(Arranged by Arnold Schonberg - 1937)
hr-Sinfonieorchester (Frankfurt Radio Symphony Orchestra), Paavo Jarvi conducting

Ungarische Tänze "Isteni Czardas", WoO 1, no. 1
Francisco and Mireille Silva, pianists

Your YouTube playlist: http://www.youtube.com/playlist?list=PLCE6BD755B3152C91

October 7 2011, "I Think You Will Love This Music Too" will be adding a new montage "Prokofiev 'Number One' Montage" to its Pod-O-Matic Podcast. Read our English and French commentary October 7th on the ITYWLTMT Blogspot blog.

Updated Oct-06-2011 at 11:45 by itywltmt

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Classical Music , Composers , Recorded Music

Comments

  1. Sid James's Avatar
    Good list. Being more into the chamber, I've been listening to the original version of Brahms' Piano Quartet #1. I wrote about this on my blog amongst other places, eg. current listening. Love the ending where the piano imitates the cimbalom.

    This has to be played like a chamber piece, a piano quartet not as a defacto piano concerto, as some have played it in the bad old days (that's partly why Schoenberg did his arrangment). I was surprised that Martha Argerich and her Russian guests (Kremer, Bashmet, Maisky) did it totally on steroids in their 2002 DGG recording. Ok Brahms did write the piano part as quite dominant and beefy, but you don't have to do it on steroids, guys. I think that Ms Argerich's "take" is a good demonstration of the WRONG way, whereas another recording I've heard by the Quatour Kandinsky of France (now probably out of print) from the early 1990's on a French boutique label was perfect. I've also heard Artur Rubinstein's recording with Guarneri Quartet in 1960's and if anything he was a bit restrained and hesitant to play it as a concerto, which is better than going the other way and doing it on steroids. I've only read about Mr. Rubinstein's earlier mono recording of this work, the comments were that people thought it was done "right," but in matter of fact it was done quite "wrong."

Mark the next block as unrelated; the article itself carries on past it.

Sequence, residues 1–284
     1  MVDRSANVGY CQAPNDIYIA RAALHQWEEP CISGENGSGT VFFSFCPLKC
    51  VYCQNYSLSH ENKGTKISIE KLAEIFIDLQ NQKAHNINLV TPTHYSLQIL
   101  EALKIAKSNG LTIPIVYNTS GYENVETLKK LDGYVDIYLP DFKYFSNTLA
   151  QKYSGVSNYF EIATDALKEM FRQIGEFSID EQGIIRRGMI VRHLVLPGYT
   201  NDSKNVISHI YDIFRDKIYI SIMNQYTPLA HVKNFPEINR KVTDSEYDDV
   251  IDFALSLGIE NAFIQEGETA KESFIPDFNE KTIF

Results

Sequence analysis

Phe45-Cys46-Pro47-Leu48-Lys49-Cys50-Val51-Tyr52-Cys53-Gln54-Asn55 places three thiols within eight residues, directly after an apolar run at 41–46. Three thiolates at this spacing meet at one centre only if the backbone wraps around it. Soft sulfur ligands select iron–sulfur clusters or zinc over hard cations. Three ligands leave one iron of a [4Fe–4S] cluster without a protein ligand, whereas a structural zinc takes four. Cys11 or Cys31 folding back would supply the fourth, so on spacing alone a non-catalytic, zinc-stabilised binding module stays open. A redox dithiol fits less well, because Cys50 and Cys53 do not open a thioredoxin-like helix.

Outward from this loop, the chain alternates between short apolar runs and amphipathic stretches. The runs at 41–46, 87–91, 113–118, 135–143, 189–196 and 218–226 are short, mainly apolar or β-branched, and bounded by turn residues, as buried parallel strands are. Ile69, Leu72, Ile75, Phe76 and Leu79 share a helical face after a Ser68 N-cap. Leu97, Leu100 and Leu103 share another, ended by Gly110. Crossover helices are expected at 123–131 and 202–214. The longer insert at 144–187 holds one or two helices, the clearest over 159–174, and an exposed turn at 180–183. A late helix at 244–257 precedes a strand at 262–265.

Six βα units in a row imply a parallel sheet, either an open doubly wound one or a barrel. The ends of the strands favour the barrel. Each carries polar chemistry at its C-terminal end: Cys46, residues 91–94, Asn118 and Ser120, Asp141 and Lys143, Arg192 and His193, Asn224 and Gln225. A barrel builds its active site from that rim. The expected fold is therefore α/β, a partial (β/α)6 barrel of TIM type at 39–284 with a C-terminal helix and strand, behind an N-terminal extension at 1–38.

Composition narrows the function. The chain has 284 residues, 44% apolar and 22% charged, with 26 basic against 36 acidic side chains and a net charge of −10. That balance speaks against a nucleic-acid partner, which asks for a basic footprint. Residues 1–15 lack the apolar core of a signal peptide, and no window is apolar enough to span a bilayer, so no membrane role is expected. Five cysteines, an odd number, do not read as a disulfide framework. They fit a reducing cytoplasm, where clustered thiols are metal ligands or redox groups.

I haven't heard Schoenberg's arrangement for yonks so I'll definitely listen to the clip you posted when I get the chance. Beethoven & Brahms are my favourites of the "three B's," J.S. Bach is way way behind, but I do recognise his genius, it's just that he's not amongst my (current) favourites...
    Updated Oct-05-2011 at 08:36 by Sid James
  2. itywltmt's Avatar
    Thanks Sid for the observation. I own a version of the op. 25 piano quartet (actually, a compilation of all three) by one of those "all star" made-for-CD ensembles, featuring Emmanuel Ax, Isaac Stern, Jamie Laredo and Yo-Yo Ma. Ax is a fine Brahms interpreter, and he stands out among the four (as though he should, since it is a PIANO quartet).

    As for the Schoenberg orchestration, you will find it lacks the chamber character you discuss (clearly...) but the use of non-strings is interesting. When it comes to Schoenberg tinkering with repertoire, my favourite is his "reduction" of Mahler's 4th Symphony for a small ensemble, required for his "salon" gatherings in Vienna at the turn of the century. I heard it once on the radio and if you find a recording, it's worth a listen!